Samaria; Drama, South Korea, 2004; D: Kim-Ki duk, S: Kwak Ji-min, Lee Eol, Han Yeo-reum, Kwon Hyun-Min, Oh Young, Gyun-Ho Im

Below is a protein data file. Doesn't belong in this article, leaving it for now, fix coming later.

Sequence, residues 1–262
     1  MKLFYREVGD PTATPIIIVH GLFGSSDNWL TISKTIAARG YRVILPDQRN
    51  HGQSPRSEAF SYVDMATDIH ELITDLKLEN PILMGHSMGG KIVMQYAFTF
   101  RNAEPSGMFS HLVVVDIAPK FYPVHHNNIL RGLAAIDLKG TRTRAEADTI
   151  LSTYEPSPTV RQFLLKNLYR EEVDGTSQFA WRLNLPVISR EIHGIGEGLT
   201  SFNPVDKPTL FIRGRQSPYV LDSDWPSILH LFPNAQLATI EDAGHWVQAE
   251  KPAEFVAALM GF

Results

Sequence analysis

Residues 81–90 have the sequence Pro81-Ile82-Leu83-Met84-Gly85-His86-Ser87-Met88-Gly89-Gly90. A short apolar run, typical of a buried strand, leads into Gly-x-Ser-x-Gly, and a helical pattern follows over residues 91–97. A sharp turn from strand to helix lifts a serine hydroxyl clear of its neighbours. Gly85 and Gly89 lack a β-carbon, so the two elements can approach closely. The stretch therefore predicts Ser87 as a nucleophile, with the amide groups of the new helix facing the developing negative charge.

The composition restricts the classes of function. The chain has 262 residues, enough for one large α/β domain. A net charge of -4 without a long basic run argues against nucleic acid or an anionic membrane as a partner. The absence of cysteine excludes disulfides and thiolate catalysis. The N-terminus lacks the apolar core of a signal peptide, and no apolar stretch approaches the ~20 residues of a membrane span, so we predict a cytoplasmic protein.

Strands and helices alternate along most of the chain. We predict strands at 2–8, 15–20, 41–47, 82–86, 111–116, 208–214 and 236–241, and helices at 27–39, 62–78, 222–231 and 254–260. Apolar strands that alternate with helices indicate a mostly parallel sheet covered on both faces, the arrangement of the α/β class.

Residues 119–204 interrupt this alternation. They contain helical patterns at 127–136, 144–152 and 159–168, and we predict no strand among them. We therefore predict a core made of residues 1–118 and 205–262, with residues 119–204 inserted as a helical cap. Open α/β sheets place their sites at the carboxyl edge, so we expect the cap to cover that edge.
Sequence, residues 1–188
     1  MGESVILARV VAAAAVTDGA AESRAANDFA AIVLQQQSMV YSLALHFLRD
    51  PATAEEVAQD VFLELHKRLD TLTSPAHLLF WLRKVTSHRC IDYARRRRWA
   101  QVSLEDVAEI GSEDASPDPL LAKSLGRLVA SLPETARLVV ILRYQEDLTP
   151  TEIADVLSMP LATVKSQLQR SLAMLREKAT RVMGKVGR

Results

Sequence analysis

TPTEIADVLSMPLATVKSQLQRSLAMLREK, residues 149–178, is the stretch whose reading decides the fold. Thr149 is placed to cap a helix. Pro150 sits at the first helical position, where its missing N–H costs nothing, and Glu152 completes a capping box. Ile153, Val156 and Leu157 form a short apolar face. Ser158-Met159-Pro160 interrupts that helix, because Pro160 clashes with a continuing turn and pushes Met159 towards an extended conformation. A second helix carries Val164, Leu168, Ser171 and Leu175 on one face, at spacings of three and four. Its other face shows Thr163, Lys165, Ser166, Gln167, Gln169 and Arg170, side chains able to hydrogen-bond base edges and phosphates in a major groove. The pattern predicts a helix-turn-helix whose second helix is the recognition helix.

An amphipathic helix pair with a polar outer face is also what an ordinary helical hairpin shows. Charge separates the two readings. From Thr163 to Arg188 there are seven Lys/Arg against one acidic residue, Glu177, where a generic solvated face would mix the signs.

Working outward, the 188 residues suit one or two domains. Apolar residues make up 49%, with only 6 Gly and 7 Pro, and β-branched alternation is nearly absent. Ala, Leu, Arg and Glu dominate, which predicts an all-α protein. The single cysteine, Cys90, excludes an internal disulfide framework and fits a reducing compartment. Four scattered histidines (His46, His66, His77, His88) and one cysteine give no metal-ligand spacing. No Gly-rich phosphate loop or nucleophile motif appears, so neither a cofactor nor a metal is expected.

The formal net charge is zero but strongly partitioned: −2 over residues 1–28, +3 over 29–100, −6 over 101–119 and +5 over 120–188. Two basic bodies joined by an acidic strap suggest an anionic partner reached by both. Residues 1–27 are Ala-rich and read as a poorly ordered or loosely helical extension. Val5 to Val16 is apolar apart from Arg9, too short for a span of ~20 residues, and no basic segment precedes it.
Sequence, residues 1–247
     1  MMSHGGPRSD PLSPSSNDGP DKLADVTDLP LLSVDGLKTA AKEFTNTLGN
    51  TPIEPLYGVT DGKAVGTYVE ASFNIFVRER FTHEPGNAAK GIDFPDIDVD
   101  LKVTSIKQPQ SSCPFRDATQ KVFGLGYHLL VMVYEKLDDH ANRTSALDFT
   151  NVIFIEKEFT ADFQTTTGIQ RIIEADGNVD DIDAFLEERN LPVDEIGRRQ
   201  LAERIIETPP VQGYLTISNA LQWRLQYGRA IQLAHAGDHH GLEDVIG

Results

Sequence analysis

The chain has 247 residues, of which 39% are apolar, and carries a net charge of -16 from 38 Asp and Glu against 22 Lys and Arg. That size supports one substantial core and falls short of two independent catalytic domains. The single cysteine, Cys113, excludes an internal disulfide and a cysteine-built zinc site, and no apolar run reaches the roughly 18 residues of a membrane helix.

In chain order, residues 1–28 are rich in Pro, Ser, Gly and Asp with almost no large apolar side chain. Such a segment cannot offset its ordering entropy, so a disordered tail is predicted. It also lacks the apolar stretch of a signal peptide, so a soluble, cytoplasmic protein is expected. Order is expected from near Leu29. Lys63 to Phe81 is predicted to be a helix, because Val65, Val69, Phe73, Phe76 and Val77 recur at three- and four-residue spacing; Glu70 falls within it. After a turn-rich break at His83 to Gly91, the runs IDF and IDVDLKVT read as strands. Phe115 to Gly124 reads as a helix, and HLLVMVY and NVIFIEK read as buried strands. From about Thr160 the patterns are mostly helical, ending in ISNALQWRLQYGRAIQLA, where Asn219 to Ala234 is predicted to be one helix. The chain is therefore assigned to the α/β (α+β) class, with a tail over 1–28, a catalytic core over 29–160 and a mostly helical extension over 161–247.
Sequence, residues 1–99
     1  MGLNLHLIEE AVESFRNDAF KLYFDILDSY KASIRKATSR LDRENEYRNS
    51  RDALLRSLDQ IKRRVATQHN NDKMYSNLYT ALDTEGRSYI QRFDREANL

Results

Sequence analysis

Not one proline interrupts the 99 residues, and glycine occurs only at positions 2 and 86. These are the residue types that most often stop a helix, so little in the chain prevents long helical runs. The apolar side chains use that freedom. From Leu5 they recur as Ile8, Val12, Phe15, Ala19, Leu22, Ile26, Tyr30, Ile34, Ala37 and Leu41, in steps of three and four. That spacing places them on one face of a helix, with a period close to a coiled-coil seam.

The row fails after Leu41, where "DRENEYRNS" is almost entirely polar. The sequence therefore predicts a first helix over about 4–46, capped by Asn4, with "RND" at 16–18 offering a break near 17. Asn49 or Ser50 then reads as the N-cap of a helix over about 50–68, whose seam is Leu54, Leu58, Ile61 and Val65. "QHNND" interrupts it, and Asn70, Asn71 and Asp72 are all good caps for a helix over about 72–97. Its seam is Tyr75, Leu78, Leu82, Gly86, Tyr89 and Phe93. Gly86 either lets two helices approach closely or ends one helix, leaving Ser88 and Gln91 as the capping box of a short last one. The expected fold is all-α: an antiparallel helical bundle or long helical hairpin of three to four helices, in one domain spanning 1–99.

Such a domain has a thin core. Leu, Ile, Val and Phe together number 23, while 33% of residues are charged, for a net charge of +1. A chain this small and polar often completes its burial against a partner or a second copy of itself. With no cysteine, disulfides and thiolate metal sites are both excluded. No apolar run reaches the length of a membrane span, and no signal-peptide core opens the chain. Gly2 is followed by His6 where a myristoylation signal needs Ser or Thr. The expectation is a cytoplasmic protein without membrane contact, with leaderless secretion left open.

Yeo-jin and Jae-yeong are two teenage girls who want to earn money for a trip to Europe. In order to do so, Jae-yeong works as a prostitute, often talking about prostitute Vasumitra who converted every customer to Buddhism, while Yeo-jin sets her up with her clients and watches for the police. One day, the police raid the hotel and the ashamed Jae-yeong jumps through the window, injuring her head. Yeo-jin brings her to the hospital, where she tells her she wants to see one musician one last time before she dies. In order to bring him there, Yeo-jin agrees to sleep with him, but they arrive too late. Feeling remorse, Yeo-jin decides to sleep with all of Jae-yeong's clients and return their money. Her dad, a policeman, discovers this and confronts their clients. When he kills one of them, she takes her to a trip to nature."Samaria" is a sad, emotional and deeply melancholic allegory about sin and redemption, mixing obvious references of Christianity and Buddhism. The first part of the story, revolving around two teenage girls, one a prostitute and the other her 'manager', who want to earn money for a trip, is very measured and understated, while the second one seems like the inversion of that idea, where after one of them dies, the other one decides to throw away the materialism (money) and sleep with all the clients for free, in order to take her identity and investigate her life, thus turning into a 'Samaritan prostitute'. It's ambitious and very smoothly crafted, yet, sadly, the second half is really overstretched, sometimes melodramatically sluggish, sometimes painfully sad, thus in the end it seems the director Kim-ki Duk didn't manage to combine all of the symbols he put into a cohesive whole, like his magical, wonderfully spiritual previus film "Spring, Summer...".